It doesn't fall from the skies
Turning water into a commodity
When Donegal Fine Gael senator Martin Conway justified the establishment of Irish Water as a commercial company he explained that we had to pay for water because it "didn't fall from the skies." When the laughter died down he underlined his stupidity by explaining that he meant purified water.
Leaving aside what Conway thinks rain is if not purified water, we should look at what he was trying to say - that is the official justification for privatisation of water.
This process has been successfully rolled out over decades. It is a form of "enclosure." Enclosure is the theft of public resources and their transfer to private hands. Land enclosure was used to develop early capitalism by forcing people off the land and into wage slavery in the cities. Now enclosure is used to privatise public utilities in a form of vulture capitalism.
The logic is the necessity to return a profit on capital, but the robbery is dressed up in ideology. Only when water is assigned a price, when it is converted from a necessary resource to a commodity can a price be set. It is claimed that this is a green measure to ensure conservation and that only market forces can ensure this.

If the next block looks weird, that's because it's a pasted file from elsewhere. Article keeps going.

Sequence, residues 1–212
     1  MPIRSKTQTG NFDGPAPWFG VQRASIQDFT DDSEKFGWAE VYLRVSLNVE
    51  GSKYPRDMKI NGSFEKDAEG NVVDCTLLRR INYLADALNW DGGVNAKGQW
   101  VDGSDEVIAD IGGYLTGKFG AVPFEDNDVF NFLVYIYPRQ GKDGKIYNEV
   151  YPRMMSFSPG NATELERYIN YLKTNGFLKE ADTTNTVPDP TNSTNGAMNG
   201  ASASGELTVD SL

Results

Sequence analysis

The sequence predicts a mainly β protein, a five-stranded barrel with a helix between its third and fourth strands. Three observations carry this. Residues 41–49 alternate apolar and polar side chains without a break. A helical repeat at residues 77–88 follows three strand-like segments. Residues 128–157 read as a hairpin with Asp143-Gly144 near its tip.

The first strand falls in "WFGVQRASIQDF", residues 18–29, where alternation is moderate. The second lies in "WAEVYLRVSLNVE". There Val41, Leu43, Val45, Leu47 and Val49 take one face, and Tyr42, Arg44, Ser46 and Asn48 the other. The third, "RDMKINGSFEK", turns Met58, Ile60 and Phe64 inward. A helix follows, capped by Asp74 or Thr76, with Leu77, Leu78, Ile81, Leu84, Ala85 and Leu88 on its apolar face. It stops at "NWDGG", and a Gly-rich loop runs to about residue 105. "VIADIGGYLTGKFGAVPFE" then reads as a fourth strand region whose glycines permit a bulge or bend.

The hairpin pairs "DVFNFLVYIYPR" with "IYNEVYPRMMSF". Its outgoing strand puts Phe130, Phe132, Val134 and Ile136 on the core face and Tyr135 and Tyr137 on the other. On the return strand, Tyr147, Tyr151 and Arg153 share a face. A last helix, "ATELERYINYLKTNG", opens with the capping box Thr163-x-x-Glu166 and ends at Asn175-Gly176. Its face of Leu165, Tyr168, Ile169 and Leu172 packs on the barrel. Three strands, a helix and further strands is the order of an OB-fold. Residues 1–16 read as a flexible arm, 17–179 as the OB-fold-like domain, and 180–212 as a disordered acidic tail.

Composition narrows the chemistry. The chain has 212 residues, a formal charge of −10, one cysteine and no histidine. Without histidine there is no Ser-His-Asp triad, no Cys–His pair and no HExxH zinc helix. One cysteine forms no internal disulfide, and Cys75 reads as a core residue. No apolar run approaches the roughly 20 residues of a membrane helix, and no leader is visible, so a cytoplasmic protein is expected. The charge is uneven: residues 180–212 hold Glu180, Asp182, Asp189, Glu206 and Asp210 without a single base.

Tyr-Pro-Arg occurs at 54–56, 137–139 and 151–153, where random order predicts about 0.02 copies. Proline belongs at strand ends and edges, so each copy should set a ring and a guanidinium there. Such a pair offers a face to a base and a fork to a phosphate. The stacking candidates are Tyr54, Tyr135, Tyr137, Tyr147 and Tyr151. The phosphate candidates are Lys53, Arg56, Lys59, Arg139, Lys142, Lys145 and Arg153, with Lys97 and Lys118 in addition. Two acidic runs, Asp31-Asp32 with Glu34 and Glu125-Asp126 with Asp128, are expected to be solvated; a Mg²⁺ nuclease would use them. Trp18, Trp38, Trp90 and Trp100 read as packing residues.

In reality the operation of capitalism in Ireland has seen an utter disregard for the conservation of natural resources, an utter neglect of the water system and an utter disregard and degradation of what was, not so long ago, one of the most pristine environments in Europe and is now catastrophe.
Water privatisation has no green outcomes. Where it occurs there is firstly a transfer of wealth from the poor to the rich and then a concentration of water ownership into the hands of a small number of transnational companies.
The end result is what we see in Detroit. One of the major cities in the world's leading capitalist power sees tens of thousands cut off from mains supply.
Early capitalism developed municipal ownership and control of water to ensure the health of their workforce. In late capitalism, despite global reserves of money reaching into the hundreds of trillions, the rate of return on capital no longer allows this sort of expenditure.
It is tempting to look to the past and to a state providing a basic level of services. It is more helpful to look to the future. We have a high level of education and many skilled workers who are unemployed. We lack capital, but if we organized as a working class we could expropriate from a hostile quisling state. We have instant communications to connect to other workers across the world.
We should develop and implement a workers plan for water provision.
How hard can it be?
It actually does fall freely from the skies - in millions of gallons!